preface of Agnès Varda

Just as others work in their vegetable garden in a space between the road and their house, growing their leeks and salads, Bodan Litnianski has created himself an artistic garden where he grows cement vegetables, totem poles made of seashells, garlands in plastic and bouquets of left overs.

The "Facteur (postman) Cheval" brought his stones home in his wheelbarrow to construct his ideal palace (palais idéal). I remember my surprise when visiting it for the first time, more than 50 years ago, when his family served as guides for the rare curiosity-seekers.

As for Litnianski, he brought his treasures home in a trailer behind his moped to construct his ideal garden, which his neighbours referred to as the seashell-garden. This site is already famous.

And the artist likes to talk about the television programmes that have been devoted to him. Nowadays, there are no ignored naïf artists. As for me, I met Litnianski, who was already 87, and his wife at their home. I filmed the artist in his fantastic garden in the year 2000, when I was looking for gleaners having made something from what they had found amongst objects that others had discarded. Yes, he indeed did something with the elements and left overs he had gleaned here and there - in dustbins, on street corners and in rubbish dumps. Yes, people throw away all sorts of objects. Little girls and boys - or their parents - get rid of their broken dolls or mechanical toys that no longer work. And Litnianski salvages them, along with old tellies, motorcycle helmets, springs, plastic buckets and bald tyres.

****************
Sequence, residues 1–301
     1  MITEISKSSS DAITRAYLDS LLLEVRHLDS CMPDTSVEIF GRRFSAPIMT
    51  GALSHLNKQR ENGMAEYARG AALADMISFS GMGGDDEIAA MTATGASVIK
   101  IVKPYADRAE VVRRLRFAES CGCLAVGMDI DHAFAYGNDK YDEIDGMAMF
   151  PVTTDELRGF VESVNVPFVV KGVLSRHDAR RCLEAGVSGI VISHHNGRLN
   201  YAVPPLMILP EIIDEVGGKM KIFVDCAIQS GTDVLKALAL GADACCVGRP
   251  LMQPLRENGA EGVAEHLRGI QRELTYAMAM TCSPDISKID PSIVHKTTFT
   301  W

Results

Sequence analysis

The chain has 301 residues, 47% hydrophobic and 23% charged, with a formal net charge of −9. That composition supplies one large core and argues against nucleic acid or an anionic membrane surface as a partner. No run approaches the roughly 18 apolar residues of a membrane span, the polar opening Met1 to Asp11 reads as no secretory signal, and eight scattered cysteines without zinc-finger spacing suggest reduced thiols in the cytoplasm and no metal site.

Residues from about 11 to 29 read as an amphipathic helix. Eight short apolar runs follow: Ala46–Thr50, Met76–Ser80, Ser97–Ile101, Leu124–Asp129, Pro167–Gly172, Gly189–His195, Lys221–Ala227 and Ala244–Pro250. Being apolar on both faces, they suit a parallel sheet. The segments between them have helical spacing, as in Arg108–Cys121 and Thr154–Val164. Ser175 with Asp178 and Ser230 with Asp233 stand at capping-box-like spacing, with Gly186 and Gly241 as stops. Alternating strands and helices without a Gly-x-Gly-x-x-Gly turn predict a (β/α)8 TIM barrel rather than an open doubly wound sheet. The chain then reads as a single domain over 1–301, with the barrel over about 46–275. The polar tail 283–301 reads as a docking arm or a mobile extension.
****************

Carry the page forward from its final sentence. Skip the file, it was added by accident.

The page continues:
All that makes up Litnianski's material, to which he obviously adds cement, plaster, metal reinforcing mesh and consolidation rods, for he is a mason. A mason who worked for construction companies all his life, he became a full-time creative mason when he retired, composing his constructions with a maximum of technical care, assembling the elements from his collection in surprising ways and erecting towers so as to emerge from the shambles of the other compositions. He is proud of his work and justly so.

"It's solid stuff, - he told me -. I'm a mason. I know a big deal about it."

Just as Ferdinand Cheval was a postman-artist and Gaston Chaissac a shoemaker-artist, I very much like the fact that Bodan Litnianski is a mason-artist, creating without a guide - and maybe without the comprehension of his friends or family - a universe to his taste in this area of his daily life, outside his door and on land that might have seen leeks and salads growing.

He prefers dolls to vegetables, saying, "Ah, I do like dolls. Ah, that's my system. A doll is someone."

Litnianski, too, is someone : the project manager and guardian of his extraordinary garden, except for the fact that it is no longer a garden, but an inextricable forest of mini-monuments and assemblage-sculptures. It is a raw museum that he is inviting us to visit.

Agnès Varda, 2004

Translated by John Tyler Tuttle

Couverture du livre Le jardin des merveilles de Bodan Litnianski